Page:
There are many different technologies in lighting that easily go back 100+ years back to the first filament based incandescent bulbs. It is amazing that the old technologies are still used today, but they are also starting to be phased out and replaced with much more energy efficient and longer lasting technologies.
In general, the newer the technology, the longer the light source will last. The exception to this would be induction lamps, which goes back 50+ years and lasts 100,000+ hours. Most of the commercial and industrial lighting products installed today include fluorescent, induction, and LED. LED is on the rise and will soon be the dominant technology in almost all lighting applications.
Here is a chart of the different technologies through the years and their average rated life:
Some Real World Examples of Average Rated Life.
Example 1: Large industrial manufacturing facility.
This could be a 50,000 to 100,000+ square foot area that may manufacture gym equipment or is an automobile plant with tons of moving parts and automated equipment. The area must not only be well lit but should contain technology that lasts a long time. Without going into detailed Payback and ROI calculations (that is another topic), imagine what it costs to shut down an assembly line for even a few hours to change out the light bulbs! This not only means either renting or operating lifts to get you up to 20+ feet in the air, but includes the hourly labor, product cost (new lamps), and the opportunity cost, or revenue lost, from shutting down all the equipment.
In this case, it makes sense to not only install energy efficient equipment to bring down the electricity costs, but spend a little bit more to have the longest lasting technology possible, which in today's market would include LED or induction. The plant may have quantity 250 metal halide high bay fixtures that only last 12,000 hours for instance, and a good retrofit would be a new 70,000+ hour LED high bay light fixture, which is almost six times longer lasting. Along with the payback from the energy savings itself, the decreased maintenance cost and savings from not shutting down assembly lines so much recoups the money spent on the project pretty quickly indeed.
Example 2: Car Dealership
Car dealerships have one goal - to sell cars. And most of these cars are in the lot outside, with a lot of people coming in at night after work to look at them. Very bright and well lit areas are a necessity to show these cars off. You not only need a very bright area, but color quality (see CRI), color temperature, and the cost of maintenance all matter. Up until recently, this also meant a massive electric bill due to the lighting cost and wattage needed to have a very bright parking lot given the available technology.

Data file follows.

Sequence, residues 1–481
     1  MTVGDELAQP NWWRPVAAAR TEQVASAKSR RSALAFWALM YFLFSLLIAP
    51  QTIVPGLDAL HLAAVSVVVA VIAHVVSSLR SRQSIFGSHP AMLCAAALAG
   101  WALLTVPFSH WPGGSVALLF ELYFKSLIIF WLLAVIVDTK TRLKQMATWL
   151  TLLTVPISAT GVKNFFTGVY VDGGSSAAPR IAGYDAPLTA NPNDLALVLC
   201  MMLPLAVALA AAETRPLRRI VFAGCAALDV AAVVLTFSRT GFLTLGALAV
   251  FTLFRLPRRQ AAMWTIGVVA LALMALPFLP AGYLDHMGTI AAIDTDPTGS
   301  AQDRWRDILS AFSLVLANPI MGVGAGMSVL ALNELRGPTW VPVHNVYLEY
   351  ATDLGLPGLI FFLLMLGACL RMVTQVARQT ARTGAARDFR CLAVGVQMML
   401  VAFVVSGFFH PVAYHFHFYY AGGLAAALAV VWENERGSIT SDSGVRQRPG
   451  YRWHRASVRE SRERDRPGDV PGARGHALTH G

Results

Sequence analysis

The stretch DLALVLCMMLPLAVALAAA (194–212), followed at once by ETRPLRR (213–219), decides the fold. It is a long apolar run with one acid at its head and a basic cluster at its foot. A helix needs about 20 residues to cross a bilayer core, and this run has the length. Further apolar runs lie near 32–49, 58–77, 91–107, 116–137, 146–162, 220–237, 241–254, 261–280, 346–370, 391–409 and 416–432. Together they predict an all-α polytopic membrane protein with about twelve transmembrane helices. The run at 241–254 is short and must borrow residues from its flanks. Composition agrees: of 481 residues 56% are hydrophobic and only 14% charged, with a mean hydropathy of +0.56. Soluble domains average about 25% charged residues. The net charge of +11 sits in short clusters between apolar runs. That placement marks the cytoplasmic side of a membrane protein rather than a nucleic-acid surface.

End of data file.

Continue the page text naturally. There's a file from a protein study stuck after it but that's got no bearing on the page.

Given that most dealerships still have metal halide light bulb that last only 12,000 hours (about two years at 12 hours per day average), an equally big issue is the light depreciation. Metal halide technology has a rapid light output depreciation shortly after they start to burn. This means that about six months after new HID bulbs have been installed, they already start to lose their light output and look dim. This then decreases the appeal of the car or dealership and sales are lost. To counteract this a lighting maintenance plan is often put in place to change out the bulbs every year or less. This means labor, bucket trucks, trip charges, buying tons of bulbs, and overall means a huge expense just to keep the place bright.
A switch to new technology eliminates this problem while keeping the area bright as well. The above picture is the Honda dealership of Greeley, CO, where we supplied 200W induction retrofit lamps to replace the old 400W metal halide light lamps and ballasts. The result is an increase from 12,000 hours (maximum) to a 100,000 hour induction technology. On top of that, induction has a much slower light loss depreciation curve - so after 10 years of operation, induction still puts out 75-80% of it's initial light output. 56% energy savings was also achieved because induction puts out brighter light for the wattage used. LED is also a great option for car dealerships, and many are rapidly switching over to the new technology due to all the benefits.
In general, it's always best to get the longest-lasting bulb technology you can find. Cost, however, almost always plays into the decision and can be prohibitive. It is best to analyze your area that needs lighting and think about what it costs or to what degree of difficulty it takes to replace the bulbs. If it's very expensive or difficult, most of the time it makes sense to spend more to get longer lasting, commercial grade bulbs. This would currently include LED or induction. If your area is easy to get to and cost is a factory, go for T8 or T5 fluroescent, or CFL for the smaller bulbs. They are plenty energy efficient and the cost is very good on these now.